Suarez testified that Christine Chun used the term "bendejos" very liberally with Hispanic employees at Kwok's, but never with non-Hispanic employees. (Suarez Dep. 192:15-20.) She called Suarez "bendejo" once in February, once in March, and three times in April of 2003. (Pl.'s Supp. 2.) She also frequently called him "stupid," including during April of 2003. (Id.)

Kwok's admits that neither Peter Ng, Christine Chun, nor Charlie Chun ever heard or uttered any negative comments towards the Asian employees of Kwok's. (Suarez Dep. 137:4-7, 140:5-7, 141:11-17; Def.'s LR 56.1 Resp. ¶ 16.) Suarez testified that, as a result of the harassment at Kwok's, he experienced emotional anguish, a loss of self-confidence and self-worth, and marital difficulties. (Suarez Dep. 147:10-22.)

Suarez made a number of complaints regarding the work environment at Kwok's. He frequently asked Louis Ng to stop making derogatory comments about his race and national origin, to no avail, although there is no record evidence as to when these complaints occurred. (Suarez Dep. 190:10-17.) He complained to Christine Chun about Louis Ng's behavior in late January or early February of 2003. (Pl.'s Supp. 1.) He also told both Christine Chun and Peter Ng that Louis Ng's behavior was so severe that it had caused Suarez's brother, Armando, to quit work at Kwok's, although he does not recall when this ooccurred. (Suarez Dep. 170:8-172:6, 184:23-186:20.) Furthermore, he asked Christine Chun to stop calling him "stupid" and "bendejo" on two or three occasions, (id. at 191:7-17, 193:18-24, 195:1-11), including in March and April of 2003. (Pl.'s Supp. 2.)

Suarez's Termination

In early May of 2003, Christine Chun cancelled service on Suarez's work cell phone, and instructed him to use his desk phone instead. (Suarez Dep. 50:5-52:12.) At the same time, Kwok's also suspended the use of a credit card Suaraz used for business expenses. (Id. at 50:4-5.) At that time, or soon afterwards, Suarez took the laptop computer purchased for him by Kwoks and went home. (Suarez Dep. 52:16-24.) He had perfect work attendance until that point and a good performance record. (Id. at 176-1-8; 187:19-188:6; Ng. Dep. 78:24-79:3)

Suarez did not return to work at Kwok's. The reason his employment ended is disputed. Peter Ng testified that Christine Chun said Suarez told her he was working from home, but would return soon, and that "nobody fire[d]" Suarez. (Ng. Dep. 56:3-6; 65:2-3.) Suarez claims that after he had been absent for Kwoks for more than two days, Christine Chun called him at home, told him that there was "no chemistry" between Suarez and the business, and told him, in effect, that he was fired. (Suarez Dep. 114:13-14; 187:6-18.) Chun herself recalls that she first became aware that Suarez was not working from reports from Kwoks's customers. (Chun Dep. 79:15-82:2). She does not remember whether she had any conversations with Suarez after his departure. (Id. 82:14-19.) Kwoks nevertheless asserts that it terminated Suarez's employment because he failed to return to work for more than two days. (Def.'s LR 56.1 Stmt. ¶ 73, citing Ng Declaration ¶ 8.) Charlie Chun, Kwok's sales and operations manager, admitted, however, that although there were no "specific guidelines," Kwok's would ordinarily impose a brief unpaid suspension, not termination, as discipline for an initial unexplained absence. (Charlie Chun Dep. 59: 6-12; 92:3-15, 25.) Three months after Suarez's departure, Kwoks hired another Hispanic worker, David Centeno, to do some of the work Suarez had done; the rest was absorbed by Peter Ng and Charlie Chun. (Pl.'s LR 56.1 Resp. ¶ 79.) Suarez's Charge Suarez filed a charge of race discrimination, national origin discrimination, and retaliation with the EEOC on December 12, 2003. (EEOC Charge of Discrimination, Pl's App. Ex. 1, DEF0106.) The EEOC issued a right to sue letter on September 12, 2005, (EEOC Dismissal and Notice of Rights, Pl.'s App. Ex. 1, DEF0111), and on December 12, 2005, Suarez filed this lawsuit against Charles Austin Limited, Kwok's successor,*fn3 charging that Defendant discriminated against him because of his Hispanic status in the amount of his compensation, in the creation of a hostile work environment, and in his termination, and with retaliating against him for his complaints regarding workplace harassment. (Compl. ¶¶ 14-18, 19-20.) On May 1, 2006, Suarez amended his complaint to substitute Kwoks International Trading Inc. as named Defendant. (Am. Compl.) Kwok's now moves for summary judgment on all of Suarez's claims. (Def.'s Mot. for Sum. J. 1-2.)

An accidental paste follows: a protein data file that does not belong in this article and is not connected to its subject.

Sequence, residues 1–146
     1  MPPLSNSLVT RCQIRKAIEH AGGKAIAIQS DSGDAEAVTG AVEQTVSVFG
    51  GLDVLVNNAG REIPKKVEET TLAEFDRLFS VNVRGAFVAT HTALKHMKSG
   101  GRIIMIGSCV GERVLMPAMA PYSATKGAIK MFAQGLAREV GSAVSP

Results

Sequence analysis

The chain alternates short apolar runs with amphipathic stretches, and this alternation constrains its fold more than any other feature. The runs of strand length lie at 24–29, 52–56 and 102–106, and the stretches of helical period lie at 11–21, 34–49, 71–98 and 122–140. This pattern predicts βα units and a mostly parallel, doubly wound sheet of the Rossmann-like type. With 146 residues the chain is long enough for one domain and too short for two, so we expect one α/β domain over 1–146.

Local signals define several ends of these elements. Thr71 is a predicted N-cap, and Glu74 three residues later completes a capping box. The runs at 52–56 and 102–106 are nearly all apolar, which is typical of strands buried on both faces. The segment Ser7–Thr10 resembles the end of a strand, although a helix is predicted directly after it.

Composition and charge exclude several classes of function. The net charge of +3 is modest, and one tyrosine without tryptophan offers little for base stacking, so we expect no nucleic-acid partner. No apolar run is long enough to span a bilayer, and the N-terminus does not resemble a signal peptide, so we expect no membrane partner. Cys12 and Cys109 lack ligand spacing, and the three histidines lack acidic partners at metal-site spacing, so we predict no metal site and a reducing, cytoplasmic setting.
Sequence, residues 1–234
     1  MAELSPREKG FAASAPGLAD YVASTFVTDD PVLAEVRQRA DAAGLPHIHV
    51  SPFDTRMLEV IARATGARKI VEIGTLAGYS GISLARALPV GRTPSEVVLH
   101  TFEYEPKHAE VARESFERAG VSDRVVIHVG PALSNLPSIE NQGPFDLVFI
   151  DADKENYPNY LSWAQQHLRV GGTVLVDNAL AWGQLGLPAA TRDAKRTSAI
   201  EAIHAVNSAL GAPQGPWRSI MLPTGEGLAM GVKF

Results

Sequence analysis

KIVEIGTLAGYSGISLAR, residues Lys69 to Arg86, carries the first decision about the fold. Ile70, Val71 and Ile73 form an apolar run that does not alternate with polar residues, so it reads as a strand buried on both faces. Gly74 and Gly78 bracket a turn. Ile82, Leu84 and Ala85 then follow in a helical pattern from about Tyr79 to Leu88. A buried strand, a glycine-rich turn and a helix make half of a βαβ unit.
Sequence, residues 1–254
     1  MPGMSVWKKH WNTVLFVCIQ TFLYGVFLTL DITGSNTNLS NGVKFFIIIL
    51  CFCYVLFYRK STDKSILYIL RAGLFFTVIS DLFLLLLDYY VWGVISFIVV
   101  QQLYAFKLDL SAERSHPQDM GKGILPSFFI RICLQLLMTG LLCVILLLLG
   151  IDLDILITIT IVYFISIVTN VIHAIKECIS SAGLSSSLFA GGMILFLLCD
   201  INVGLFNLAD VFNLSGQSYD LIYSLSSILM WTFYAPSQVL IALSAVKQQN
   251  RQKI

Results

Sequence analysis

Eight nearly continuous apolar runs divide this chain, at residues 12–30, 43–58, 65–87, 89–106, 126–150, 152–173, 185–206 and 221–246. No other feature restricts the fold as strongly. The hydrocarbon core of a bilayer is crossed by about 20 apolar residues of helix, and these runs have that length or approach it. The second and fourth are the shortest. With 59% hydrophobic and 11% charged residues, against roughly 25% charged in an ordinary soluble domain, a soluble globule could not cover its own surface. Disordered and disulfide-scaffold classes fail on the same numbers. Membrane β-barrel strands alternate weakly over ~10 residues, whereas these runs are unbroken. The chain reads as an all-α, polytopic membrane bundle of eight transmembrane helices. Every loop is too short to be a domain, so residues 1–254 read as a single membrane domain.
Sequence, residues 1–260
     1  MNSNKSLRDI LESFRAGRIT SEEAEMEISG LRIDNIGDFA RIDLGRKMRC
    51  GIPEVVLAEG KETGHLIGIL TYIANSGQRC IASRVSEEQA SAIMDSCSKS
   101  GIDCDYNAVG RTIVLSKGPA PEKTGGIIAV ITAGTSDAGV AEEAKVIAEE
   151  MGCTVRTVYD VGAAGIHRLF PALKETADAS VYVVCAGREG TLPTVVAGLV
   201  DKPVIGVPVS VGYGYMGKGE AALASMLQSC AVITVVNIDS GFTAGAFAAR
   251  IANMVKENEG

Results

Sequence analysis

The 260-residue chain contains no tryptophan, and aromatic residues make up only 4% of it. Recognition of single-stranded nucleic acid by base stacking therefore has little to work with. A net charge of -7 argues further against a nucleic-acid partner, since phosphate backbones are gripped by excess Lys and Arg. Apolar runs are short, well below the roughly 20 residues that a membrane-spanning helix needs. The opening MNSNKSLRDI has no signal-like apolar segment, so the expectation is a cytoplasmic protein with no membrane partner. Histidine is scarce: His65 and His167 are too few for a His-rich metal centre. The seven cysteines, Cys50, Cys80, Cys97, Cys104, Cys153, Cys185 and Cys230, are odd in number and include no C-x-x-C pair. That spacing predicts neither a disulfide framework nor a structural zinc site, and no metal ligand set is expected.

Suarez, in turn, moves to strike substantial portions of Kwok's Local Rule 56.1 Response, multiple sections of Kwok's Reply, and one of its supporting affidavits.


I. Summary Judgment Standard

Summary judgment is appropriate when "the pleadings, depositions, answers to interrogatories, and admissions on file, together with the affidavits, if any, show that there is no genuine issue as to any material fact and that the moving party is entitled to a judgment as a matter of law." FED. R. CIV. P. 56(c). To survive summary judgment, Suarez must identify sufficient evidence to sustain each element of the case he must prove at trial. Boumehdi v. Plastag Holdings, LLC, 489 F.3d 781, 787 (7th Cir. 2007) (citing Celotex Corp. v. Catrett, 477 U.S. 317, 322-23 (1986)). When considering a summary judgment motion, the court ...